Come join us for an unforgettable evening (Tuesday, May 9) with the redoubtable Civil War historian and luminary, Dr. James I. (Bud) Robertson, as he addresses…
~The Four-Legged Soldiers in the Civil War~
It is easy when studying Civil War history to forget that an army existed, and functioned, solely because of horses and mules. They were not merely the property and province of officers and cavalrymen. Every wagon, every ambulance, every artillery piece was immobile and, for all intents and purposes, useless in the absence of horsepower. While the human cost of the war was horrendous, far more of the silent servants died than did humans. Yet one scarcely gives their sacrifices a passing thought.
What they did–and gave–will be the first half of Bud Robertson’s talk. He will then “switch horses” and focus on regimental mascots, who were so invaluable in boosting troop morale, providing companionship, and promoting love to soldiers on both sides in the chilling atmosphere of war.
James I. Robertson Jr., one of the country’s most distinguished Civil War historians, is the author or editor of more than 25 books including biographies of Gens. Robert E. Lee and A. P. Hill, several works on the common soldiers, and three studies written for young readers. His massive biography of Gen. “Stonewall” Jackson won eight national awards and was used as the basis for the characterization of Jackson in the Ted Turner/Warner Bros. mega-movie, “Gods and Generals”, a film for which Dr. Robertson served as chief historical consultant. For the sesquicentennial, The National Geographic Society published in 2011 his book The Untold Civil War based on stories and vignettes from his popular and long-running weekly series on National Public Radio. His latest book, After the Civil War: The Heroes, Villains, Soldiers, and Civilians Who Changed America was published in October of 2015.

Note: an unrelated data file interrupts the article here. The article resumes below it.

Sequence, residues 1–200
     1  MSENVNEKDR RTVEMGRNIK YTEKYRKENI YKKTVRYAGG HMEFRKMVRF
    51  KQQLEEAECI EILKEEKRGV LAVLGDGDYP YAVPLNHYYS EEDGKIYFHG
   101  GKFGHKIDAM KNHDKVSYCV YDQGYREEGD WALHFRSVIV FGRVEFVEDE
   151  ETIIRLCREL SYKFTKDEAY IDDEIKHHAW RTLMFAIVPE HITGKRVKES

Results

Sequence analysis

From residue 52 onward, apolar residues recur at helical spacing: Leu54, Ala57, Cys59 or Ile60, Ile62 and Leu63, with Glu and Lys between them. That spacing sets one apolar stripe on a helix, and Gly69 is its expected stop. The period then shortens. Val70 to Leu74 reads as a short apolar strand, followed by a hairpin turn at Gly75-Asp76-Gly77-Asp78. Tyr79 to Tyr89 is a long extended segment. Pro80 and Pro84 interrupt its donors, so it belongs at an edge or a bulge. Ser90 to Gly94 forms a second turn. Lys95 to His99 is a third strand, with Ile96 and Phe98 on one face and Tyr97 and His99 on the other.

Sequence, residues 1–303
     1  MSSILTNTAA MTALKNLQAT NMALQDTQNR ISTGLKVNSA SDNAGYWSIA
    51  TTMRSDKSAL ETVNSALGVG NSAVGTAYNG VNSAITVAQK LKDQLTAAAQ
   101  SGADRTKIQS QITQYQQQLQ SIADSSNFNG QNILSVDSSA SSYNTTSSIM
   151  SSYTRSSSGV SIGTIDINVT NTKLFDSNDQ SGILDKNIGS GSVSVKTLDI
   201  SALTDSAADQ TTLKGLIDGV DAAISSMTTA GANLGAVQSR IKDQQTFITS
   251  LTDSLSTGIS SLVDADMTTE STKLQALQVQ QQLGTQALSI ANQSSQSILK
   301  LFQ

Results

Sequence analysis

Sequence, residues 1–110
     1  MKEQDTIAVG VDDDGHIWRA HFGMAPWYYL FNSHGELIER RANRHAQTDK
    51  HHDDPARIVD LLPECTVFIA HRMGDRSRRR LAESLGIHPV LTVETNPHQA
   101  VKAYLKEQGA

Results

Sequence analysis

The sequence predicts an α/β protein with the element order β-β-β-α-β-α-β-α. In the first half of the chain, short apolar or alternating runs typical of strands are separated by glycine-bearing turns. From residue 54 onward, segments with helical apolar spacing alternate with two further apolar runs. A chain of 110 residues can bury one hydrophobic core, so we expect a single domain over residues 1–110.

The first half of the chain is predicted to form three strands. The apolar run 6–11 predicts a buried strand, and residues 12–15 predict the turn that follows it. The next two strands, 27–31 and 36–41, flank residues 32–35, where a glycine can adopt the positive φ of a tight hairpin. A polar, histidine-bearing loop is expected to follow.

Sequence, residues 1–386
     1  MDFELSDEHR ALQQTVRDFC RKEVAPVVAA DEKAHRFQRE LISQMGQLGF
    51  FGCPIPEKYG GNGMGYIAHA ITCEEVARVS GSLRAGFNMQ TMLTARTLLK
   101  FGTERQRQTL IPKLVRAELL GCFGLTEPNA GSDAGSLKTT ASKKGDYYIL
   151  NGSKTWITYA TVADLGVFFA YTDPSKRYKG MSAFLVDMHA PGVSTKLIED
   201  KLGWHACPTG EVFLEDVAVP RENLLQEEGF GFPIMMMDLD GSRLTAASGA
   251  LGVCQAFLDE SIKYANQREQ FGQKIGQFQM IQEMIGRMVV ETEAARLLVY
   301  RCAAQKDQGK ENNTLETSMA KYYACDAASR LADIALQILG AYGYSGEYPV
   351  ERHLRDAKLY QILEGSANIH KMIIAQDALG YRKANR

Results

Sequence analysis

Dr. Robertson served as Executive Director of the U.S. Civil War Centennial Commission in the 1960s and worked with Presidents Kennedy and Johnson in commemorating the war’s 100th anniversary. He then taught 44 years at Virginia Tech, where his upper division course on the Civil War era attracted 300 or more students per semester and made it the largest class of its kind in the nation. At his retirement in 2011, the University named him Alumni Distinguished Professor Emeritus of History.
The Danville, Virginia native holds a Ph.D. degree from Emory University and honorary doctorates from Randolph-Macon College and Shenandoah University. A man of many talents, he is the lyricist of the Old Dominion’s newly adopted traditional state song, “Our Great Virginia” which the governor recently signed into law.
The recipient of every major award given in Civil War history, and a lecturer of national acclaim, Dr. Robertson is probably more in demand as a speaker than anyone else in the field of Civil War studies.